Once again, we go through the annual chore of discussing the Discoveroids’ latest tax return. But we have to warn you that your Curmudgeon has neither the skill nor enthusiasm needed for reading these things. All we can do is give you what we see as the highlights. Therefore, don’t rely on our interpretation — you should reach your own opinions.
With that disclaimer, we bring you the thrilling news that the latest tax return of the Discovery Institute is now available — you can see it here: Discovery Institute Form 990 for 2016 (it’s a 54-page pdf file).
So you can make comparisons, we discussed their 2005 return in Discovery Institute: Who and What Are They?, and then Discovery Institute: Their 2006 Tax Return, and then Discovery Institute: Their 2007 Tax Return, and then Discovery Institute Tax Returns: 2008 & 2009, and then their 2010 tax return, and then their 2011 Tax Return, and then their 2012 Tax Return, and then their 2013 Tax Return, and then their 2014 Tax Return, and most recently their 2015 Tax Return.
The first item of interest on the 2016 tax return, on the first page, is the Discoveroids’ gross revenue — from “contributions and grants,” ignoring revenue from other items like investment income. Here’s what the latest return shows, with historical information from their older returns described in our earlier posts:
Interestingly, their revenue from “contributions and grants” was $312K less than the year before — which was their best year ever. Although lower then the previous year, 2016 was their second-best year — at least since we’ve been paying attention.
We have to ask what we ask every year. After burning through all that money – more than $55 million in the years we’ve displayed above — what do the Discoveroids have to show for it? As in the past, we leave that as an exercise for you, dear reader.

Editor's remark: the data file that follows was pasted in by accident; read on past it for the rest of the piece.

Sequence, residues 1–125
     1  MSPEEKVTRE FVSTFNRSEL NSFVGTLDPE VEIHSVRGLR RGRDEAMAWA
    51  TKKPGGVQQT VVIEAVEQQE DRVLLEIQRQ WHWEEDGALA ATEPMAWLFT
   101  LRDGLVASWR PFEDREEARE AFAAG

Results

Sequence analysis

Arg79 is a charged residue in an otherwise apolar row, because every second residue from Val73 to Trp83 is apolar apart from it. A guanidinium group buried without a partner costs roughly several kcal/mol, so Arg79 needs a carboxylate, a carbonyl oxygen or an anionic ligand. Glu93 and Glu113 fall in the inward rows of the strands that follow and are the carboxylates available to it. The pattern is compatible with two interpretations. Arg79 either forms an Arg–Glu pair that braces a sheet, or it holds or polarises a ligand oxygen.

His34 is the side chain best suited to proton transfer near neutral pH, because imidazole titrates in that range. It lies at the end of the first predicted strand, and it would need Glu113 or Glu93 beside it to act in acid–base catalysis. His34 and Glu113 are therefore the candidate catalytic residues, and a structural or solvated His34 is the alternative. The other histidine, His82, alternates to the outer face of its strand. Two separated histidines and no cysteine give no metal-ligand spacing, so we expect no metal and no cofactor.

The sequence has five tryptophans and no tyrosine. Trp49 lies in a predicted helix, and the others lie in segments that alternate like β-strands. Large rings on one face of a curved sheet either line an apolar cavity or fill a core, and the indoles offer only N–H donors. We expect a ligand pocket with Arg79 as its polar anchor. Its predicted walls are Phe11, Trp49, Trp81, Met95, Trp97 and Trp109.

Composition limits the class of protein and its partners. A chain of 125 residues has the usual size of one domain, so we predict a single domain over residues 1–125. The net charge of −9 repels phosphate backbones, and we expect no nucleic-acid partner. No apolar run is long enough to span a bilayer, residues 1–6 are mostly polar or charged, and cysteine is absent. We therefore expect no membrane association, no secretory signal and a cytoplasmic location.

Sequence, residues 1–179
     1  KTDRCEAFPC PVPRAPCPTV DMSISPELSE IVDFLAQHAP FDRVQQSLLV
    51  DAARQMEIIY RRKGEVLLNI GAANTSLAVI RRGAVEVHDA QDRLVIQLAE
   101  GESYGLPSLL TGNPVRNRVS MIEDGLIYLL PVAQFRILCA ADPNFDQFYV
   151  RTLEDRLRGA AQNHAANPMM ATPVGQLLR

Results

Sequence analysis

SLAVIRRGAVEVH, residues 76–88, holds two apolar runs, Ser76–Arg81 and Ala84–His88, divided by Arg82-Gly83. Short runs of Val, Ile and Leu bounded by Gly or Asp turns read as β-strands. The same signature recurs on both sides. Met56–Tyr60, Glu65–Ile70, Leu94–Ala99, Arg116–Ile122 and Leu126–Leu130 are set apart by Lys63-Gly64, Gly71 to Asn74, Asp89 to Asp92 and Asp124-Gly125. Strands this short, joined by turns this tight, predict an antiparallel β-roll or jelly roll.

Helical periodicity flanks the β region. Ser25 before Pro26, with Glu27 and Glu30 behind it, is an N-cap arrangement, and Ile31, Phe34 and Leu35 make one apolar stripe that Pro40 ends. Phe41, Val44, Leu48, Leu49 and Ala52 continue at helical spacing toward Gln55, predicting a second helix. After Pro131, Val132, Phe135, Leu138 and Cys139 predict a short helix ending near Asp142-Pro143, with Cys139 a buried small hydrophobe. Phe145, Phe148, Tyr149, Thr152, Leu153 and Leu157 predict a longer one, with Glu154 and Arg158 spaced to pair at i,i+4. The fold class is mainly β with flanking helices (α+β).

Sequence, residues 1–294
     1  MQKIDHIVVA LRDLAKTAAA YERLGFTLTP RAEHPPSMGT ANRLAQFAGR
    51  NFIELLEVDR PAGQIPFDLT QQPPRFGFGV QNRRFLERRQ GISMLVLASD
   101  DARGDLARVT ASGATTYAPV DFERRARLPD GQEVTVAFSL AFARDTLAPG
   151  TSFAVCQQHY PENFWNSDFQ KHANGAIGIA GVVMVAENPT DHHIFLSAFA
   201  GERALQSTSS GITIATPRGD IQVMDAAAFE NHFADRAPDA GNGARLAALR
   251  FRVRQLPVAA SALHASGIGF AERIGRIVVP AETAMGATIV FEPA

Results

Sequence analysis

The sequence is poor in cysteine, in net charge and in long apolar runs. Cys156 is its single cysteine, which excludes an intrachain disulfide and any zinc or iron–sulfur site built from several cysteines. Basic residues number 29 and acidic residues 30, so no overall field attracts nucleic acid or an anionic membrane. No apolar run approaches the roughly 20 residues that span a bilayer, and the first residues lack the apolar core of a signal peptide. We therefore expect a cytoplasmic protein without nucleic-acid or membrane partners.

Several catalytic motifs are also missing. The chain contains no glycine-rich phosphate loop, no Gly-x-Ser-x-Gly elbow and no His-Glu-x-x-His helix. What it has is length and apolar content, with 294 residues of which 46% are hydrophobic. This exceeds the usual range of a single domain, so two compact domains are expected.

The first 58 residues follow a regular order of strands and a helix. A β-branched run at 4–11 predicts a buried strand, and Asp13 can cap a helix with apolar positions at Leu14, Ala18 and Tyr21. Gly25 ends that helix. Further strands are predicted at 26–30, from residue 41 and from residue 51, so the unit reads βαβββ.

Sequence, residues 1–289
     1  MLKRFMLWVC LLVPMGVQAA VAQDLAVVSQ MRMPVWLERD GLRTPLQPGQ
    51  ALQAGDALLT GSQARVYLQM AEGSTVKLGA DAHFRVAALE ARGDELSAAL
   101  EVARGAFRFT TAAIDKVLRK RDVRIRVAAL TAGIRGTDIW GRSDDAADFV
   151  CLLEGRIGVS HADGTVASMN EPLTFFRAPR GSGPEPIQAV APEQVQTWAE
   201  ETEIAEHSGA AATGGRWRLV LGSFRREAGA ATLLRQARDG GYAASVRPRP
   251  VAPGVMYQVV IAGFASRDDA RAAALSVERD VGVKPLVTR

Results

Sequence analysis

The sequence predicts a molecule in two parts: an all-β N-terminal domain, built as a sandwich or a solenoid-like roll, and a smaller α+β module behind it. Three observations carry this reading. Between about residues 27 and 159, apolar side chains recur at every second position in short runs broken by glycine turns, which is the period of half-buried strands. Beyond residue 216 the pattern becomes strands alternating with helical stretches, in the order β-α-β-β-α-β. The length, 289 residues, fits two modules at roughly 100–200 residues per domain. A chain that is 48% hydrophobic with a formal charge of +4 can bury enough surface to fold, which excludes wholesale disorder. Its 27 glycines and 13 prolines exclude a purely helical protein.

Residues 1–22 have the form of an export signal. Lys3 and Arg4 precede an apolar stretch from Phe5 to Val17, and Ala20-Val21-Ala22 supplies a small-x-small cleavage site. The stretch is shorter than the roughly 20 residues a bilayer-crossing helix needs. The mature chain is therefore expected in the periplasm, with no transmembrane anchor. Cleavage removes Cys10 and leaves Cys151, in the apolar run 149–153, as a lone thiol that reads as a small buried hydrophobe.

The next item that interests us is the breakdown of their spending according to activity. That’s disclosed in question 4 on page 2 of the return. For their three biggest programs, here’s what they spent: The first item was $4,034,611, which is almost 74% of their revenue. The next two items are $245,599 and $187,693. You have to hunt around to find out what those items are. For each item it says “see additional data,” and there’s no clue where that is. These forms are a bureaucrat’s delight! Anyway, we assume that $4 million item is their creationist activity, because that’s how it’s been in the past.
Page 7 lists their officers, directors, etc., and it discloses their compensation. Looking at the Directors first, they list Bruce Chapman, Chairman. He’s the only Director who was paid, and it was $79,560. Last year it was $82,306, and the year before it was $122,906.
Howard Ahmanson continues to be listed as one of their directors, without compensation. It’s long been known that he’s a patron of the Discovery Institute. There are a dozen other directors listed. They receive no compensation, so we assume they’re also patrons — but we really don’t know. They also list Steven Buri as President. He was paid $150K, and John West (whom we call “Westie”) is shown as Vice President. He got $126K. Page 8 lists some other employees. Stephen Meyer, who has no title, got an amazing $250K. The year before it was $200K.
There’s probably an ark-load of other information buried in that form, but we can’t look at it any more. If you find something of interest, please let us know.
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